[Edit: more long paragraphs of words follow in the next post]

On the former post, I threw big paragraphs on the board. Now, I'll throw some more to go along with them:

From the dynamics between the characters I got the feeling of us being dropped down to the story in a place that is not its beginning, in where is the equivalent to, say, the third season of BtvS. We get to see how some characters are introduced (Faith, Wesley - Simon, River, Book), we have no idea, at least at first, as to what connects some characters to others (Queen C hangs out with the losers of the highschool, the stuffy British librarian sometimes has an edge that he's hiding - all those questions I asked above regarding the already-existing relationships between the crew members). It's not surprising when a show has more than two years of building relationships, but the 'there is a lot of history to the characters, a world of connections and past' feelings that I get from the crew of Serenity is, to me, special for a first episode of a show. Again, I'm much less tv-and-movies-experienced than probably all of you, but what I usually see regarding beginning-of-shows is something much more like the Simon-and-River approach - a big secret and story that moves the plot, rather than just being there, behind it, illuminated in moments. Am I making any sense? I'm not entirely sure. But I like the feeling that the creator(s) of the show have this whole world, not just of the background of the show, but of the relationships between the characters and the complicated way of 'how they got here', all built and constructed in their heads, even if most of it is not yet (or ever?) on screen.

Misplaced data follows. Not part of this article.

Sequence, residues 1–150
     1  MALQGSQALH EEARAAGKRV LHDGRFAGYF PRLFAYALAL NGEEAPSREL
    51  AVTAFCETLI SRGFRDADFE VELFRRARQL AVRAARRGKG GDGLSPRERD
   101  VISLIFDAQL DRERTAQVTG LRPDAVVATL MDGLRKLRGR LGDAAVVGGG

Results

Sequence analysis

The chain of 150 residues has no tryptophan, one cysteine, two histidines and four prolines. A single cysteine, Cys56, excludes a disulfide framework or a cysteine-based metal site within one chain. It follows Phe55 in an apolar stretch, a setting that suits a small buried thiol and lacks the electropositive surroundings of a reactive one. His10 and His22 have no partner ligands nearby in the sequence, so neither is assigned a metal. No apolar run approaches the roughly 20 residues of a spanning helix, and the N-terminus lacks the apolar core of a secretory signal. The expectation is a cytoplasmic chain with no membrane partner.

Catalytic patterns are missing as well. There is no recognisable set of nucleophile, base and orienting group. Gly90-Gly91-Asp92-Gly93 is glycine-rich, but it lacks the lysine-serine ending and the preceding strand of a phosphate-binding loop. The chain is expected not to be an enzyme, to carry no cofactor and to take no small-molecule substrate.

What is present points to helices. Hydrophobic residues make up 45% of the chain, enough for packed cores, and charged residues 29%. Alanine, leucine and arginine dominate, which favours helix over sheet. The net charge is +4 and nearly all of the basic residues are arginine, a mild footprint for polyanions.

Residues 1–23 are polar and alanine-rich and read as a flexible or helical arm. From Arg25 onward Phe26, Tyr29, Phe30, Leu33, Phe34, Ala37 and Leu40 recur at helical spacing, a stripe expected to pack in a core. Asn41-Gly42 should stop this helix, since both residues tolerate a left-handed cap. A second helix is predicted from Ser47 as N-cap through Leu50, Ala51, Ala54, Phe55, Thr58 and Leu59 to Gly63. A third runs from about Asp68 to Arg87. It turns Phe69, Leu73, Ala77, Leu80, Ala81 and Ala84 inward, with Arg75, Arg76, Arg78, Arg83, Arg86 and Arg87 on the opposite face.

I think the thing I like the most is that the characters are 'grown ups'. I'm not entirely sure what I mean by that myself, but this is the word that jumps into my mind (in Hebrew it *is* only one word, and that's the one that did the jumping, so there).

In most of the shows that I know, main (good) characters are more what children hope they will be when they get older, at least in my eyes - they choose to follow ideals, not paying attention to the cost, being all noble and understanding and strong and learning from their mistakes. And that's OK, I guess, since it does serve to make good drama and interesting stories with things to think about later. But, in what I think is something similar to what seems to be a no-happy-long-term-relationship rule on so many shows (which is another one "Firefly" seems to be gladly ignoring), it's not 'real'. I'm definitely not explaining myself well, here, because I do know that if I wanted to see 'real' stories, I'd just watch the news, not written-by-a-screenplay shows, definitely not ones about the future, but still - it's like it sheds a light only on certain facets of the life that the writer/director/producer/whoever-is-responsible wants to describe. And mostly it seemed to me like it's because it lacks what is needed in order to tell a good story, to create that high drama. And then "Firefly" showed me that it's not like that.

This is what I mean by saying that the characters are 'grown ups' - they don't live that high idealism of 'I'll do what I believe in, you and I can change the world together, if we only want it enough, there will be a happy ending for the good guys'. They're not evil heartless no-morale (cool) bad guys, either. They have to live in rules of a world that are very much against them, they had to give up some beliefs, they have to juggle the need to earn their living with whatever is left from their 'do the right thing'. And they do. And it is even more interesting, to me, than the 'I had an internal struggle because I have weaknesses but I'll do what is right anyway because I'm a good person and no matter what are the consequences and then I'll get a Christmas episode to show me what a wonderful person I really am despite the difficulties'. OK, now I'm sure I'm making not a little bit of leftover sense.

Oh, and it's the second time Kaylee mentioned that something-coil. I'm hoping for continuity to continue - that obtaining that coil or not doing it on time is going to appear in one of the following episodes.